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When Jeff Passan of Yahoo Sports recently reported the Seattle Mariners were considering a “full-fledged teardown,” Mariners GM Jerry Dipoto pushed back saying he was looking to “reimagine” his roster. Apparently, Dipoto has a vivid imagination.

Multiple media outlets are reporting the Mariners are sending two more foundational pieces out of town, which suggests the club is creeping towards the teardown Passan suggested. This time, to the New York Mets in a seven-player swap.

The Deal

Heading to the Big Apple are All-Star baseman Robinson Canó and closer Edwin Díaz. Meanwhile, the Mariners receive veterans Jay Bruce and Anthony Swarzak, plus three minor leaguers – Jarred Kelenic, Justin Dunn, and Gerson Bautista.

Seattle is offsetting Canó’s hefty contract ($120 million through the 2023 season) by absorbing the contracts of Jay Bruce and Anthony Swarzak. The pair earns $37 million through 2020. Furthermore, the Mariners are reportedly including approximately $20 million in cash considerations.

Dipoto’s latest transaction nets the Mariners five players making it their largest haul since the first trade executed by his predecessor – Jack Zduriencik. In a three-team deal involving the Mets and Cleveland Indians in 2008, Seattle received Franklin Gutierrez, Mike Carp, Ezequiel Carrera, Endy Chavez, Maikel Cleto, Aaron Heilman and Jason Vargas.

The Departed

Díaz was arguably the best reliever in baseball last season striking out 124 batters and walking just 17 in 73.1 innings. His exploits made the baseball world take notice, which led to the 24-year-old receiving an All-Star selection, a top-10 finish in Cy Young voting, and MVP consideration.

Conversely, Canó’s 2018 was far more uneven. He produced a superb .303/.374/.471, but a PED suspension restricted him to just 80 games. Despite the stigma associated with such an infraction, the eight-time All-Star remains a potent offensive weapon heading into his age-36 season.

Although Seattle didn’t reach the postseason Canó’s tenure, he did provide positive results on the field. He leaves with the fourth best batting average by any player with with 3,000-plus plate appearances as a Mariner. The hitters ahead of him? Three Hall of Fame talents – Ichiro Suzuki, Edgar Martinez, and Alex Rodriguez.

A segment of Mariners fans will hate this deal and will criticize the team for trading two All-Stars; especially the very popular Díaz. That’s understandable. However, history will judge the move based on the value the club eventually reaps (or doesn’t reap) from the players acquired.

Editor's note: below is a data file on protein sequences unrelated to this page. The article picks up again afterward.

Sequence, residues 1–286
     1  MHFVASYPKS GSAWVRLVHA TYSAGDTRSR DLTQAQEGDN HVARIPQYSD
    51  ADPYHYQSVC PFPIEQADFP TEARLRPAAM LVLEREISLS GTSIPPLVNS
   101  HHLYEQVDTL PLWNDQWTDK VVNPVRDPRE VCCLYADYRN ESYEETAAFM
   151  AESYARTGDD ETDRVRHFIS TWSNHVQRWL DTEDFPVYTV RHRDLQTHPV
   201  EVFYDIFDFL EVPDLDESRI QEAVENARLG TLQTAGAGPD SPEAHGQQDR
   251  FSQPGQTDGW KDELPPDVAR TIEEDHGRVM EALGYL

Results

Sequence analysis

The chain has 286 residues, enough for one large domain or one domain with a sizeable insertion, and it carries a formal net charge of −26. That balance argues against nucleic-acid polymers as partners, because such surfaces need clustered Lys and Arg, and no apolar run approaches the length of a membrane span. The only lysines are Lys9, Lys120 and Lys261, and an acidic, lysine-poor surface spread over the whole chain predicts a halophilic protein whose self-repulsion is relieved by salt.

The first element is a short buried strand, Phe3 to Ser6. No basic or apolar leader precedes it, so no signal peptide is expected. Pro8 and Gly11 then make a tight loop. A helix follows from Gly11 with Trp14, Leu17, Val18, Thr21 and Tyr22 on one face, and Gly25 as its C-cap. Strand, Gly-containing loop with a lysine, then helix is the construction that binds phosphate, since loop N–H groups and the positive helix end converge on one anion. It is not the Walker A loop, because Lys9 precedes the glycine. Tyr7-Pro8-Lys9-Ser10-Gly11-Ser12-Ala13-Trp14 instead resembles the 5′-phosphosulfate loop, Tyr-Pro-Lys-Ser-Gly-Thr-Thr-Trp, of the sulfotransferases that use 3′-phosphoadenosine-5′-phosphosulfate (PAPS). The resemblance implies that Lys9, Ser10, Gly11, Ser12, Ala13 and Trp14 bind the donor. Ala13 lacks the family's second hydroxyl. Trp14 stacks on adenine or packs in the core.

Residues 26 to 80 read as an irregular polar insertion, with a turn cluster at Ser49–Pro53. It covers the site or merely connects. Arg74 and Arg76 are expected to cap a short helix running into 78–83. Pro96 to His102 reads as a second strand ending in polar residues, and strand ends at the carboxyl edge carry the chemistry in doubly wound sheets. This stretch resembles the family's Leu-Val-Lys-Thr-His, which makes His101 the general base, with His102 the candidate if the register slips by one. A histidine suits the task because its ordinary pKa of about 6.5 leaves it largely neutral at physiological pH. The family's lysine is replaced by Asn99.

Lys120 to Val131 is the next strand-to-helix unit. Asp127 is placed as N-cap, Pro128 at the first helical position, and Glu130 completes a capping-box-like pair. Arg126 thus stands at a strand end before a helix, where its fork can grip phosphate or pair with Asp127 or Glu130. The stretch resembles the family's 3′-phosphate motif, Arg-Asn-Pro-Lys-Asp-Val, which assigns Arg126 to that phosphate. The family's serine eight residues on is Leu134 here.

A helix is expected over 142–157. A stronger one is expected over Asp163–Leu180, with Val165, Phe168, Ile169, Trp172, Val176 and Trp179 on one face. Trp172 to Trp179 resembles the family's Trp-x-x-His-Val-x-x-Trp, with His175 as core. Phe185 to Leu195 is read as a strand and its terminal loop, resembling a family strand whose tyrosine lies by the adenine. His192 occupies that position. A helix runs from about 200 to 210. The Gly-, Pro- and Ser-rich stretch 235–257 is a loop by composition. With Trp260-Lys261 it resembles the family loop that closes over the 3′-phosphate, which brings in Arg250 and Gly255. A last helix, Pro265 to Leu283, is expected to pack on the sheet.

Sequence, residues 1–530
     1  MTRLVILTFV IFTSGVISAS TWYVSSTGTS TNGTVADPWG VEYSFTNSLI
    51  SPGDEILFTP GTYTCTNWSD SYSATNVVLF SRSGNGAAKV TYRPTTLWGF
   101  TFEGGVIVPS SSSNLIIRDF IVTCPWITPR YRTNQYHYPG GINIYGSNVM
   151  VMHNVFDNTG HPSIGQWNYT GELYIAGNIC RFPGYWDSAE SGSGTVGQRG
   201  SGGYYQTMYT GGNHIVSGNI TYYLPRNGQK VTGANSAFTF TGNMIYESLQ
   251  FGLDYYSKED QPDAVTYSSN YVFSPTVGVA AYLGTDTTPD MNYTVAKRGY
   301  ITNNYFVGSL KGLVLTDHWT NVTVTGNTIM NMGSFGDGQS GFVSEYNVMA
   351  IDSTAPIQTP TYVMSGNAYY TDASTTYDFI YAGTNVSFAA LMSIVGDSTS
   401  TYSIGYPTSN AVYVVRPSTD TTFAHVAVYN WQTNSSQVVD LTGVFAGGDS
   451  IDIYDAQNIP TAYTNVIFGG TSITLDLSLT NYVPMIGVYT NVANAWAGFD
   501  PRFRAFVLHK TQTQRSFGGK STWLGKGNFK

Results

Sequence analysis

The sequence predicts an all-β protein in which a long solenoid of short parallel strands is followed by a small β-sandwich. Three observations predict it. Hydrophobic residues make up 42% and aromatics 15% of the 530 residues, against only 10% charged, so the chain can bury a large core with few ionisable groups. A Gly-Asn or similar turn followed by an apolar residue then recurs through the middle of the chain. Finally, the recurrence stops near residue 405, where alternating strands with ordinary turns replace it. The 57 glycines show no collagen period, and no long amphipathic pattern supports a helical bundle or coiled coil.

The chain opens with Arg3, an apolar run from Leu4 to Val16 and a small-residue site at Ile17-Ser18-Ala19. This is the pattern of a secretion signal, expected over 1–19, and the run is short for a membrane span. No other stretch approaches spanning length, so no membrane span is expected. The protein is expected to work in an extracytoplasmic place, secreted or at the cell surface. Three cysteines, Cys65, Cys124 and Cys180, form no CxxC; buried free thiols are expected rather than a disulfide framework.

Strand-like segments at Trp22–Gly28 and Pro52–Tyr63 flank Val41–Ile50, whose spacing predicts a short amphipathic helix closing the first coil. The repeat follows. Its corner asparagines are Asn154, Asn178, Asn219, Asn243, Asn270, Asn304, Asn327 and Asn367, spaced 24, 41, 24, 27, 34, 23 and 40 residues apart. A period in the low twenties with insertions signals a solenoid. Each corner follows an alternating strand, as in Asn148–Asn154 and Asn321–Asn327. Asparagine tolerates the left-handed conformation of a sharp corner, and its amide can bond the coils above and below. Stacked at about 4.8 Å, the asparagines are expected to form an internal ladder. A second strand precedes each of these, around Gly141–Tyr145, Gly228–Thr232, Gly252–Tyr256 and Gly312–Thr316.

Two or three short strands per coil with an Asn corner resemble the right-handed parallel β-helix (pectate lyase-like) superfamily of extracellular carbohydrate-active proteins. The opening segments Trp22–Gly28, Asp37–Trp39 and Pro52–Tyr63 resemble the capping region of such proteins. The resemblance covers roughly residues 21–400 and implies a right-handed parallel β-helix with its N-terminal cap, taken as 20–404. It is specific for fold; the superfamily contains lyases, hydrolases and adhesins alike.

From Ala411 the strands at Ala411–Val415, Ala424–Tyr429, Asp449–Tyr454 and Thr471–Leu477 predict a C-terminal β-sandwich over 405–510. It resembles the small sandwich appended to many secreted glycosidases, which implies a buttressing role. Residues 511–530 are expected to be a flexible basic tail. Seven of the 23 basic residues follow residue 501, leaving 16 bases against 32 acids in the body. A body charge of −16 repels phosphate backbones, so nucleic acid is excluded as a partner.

The Veterans

Hip, back, and foot issues restricted Bruce to 94 games last season marking the first time since 2009 he didn’t have at least 500 plate appearances in a campaign. Therefore, it’s not surprising the 31-year-old’s production dropped to just nine home runs and a .223/.310/.370 triple-slash.

In the field, advanced metrics suggest Bruce is a below-average glove in right field. During the last two years, the three-time All-Star played sparingly at first base, including 20 starts last season. Since he’s on the wrong side of 30 and coming off injuries affecting mobility, defensive regression in the outfield is more likely.

Financially, Bruce earns $14.5 million annually through the 2020 season. He’s currently the sixth highest paid Mariner, although the 11-year veteran is likely to rank higher by Opening Day as Dipoto continues to reimagine.

Despite a tough year, Bruce may be primed to rebound. In the three seasons leading up to 2018, the left-handed hitter slashed .243/.309/.482 averaging 32 home runs and 150 games. Assuming he remains available, similar production is possible. At least that’s what a metric from Baseball Savant indicates.

After returning from the DL in August, Bruce had a .366 expected weighted on-base average (xwOBA) in 125 plate appearances. What makes xwOBA relevant in this situation is it’s determined by using quality of contact (exit velocity, launch angle) and quantity of contact (strikeouts and walks). A hitter or pitcher can influence these outcomes.

We’re talking about a small sample size, but Bruce’s xwOBA in the final two months of the season was identical to Anthony Rizzo and J.D. Martinez and just ahead of Alex Bregman. On the Mariners, only Cano (.399), Nelson Cruz (.374), and Mitch Haniger (.369) were better.

Does this mean Bruce will be as productive as the players just mentioned? No, but there’s a reasonable chance his bat provides value next year. The key will be the native Texan’s health.

Swarzak also dealt with injuries last season. An oblique injury sidelined him after just two appearances in March and he didn’t return to action until June. Shoulder inflammation sent the right-hander back to the DL in August, although he did return to make seven appearances in September.

When available, Swarzak proved ineffective. In 26.1 innings, opposing hitters slashed .280/.371/.490 and the 33-year-old had a career-worst 4.8 BB/9 rate. His .337 xwOBA ranked 245th among 295 MLB relievers who faced at least 100 batters. The only Seattle relievers with a worse mark were Chasen Bradford (.350) and Casey Lawrence (.360).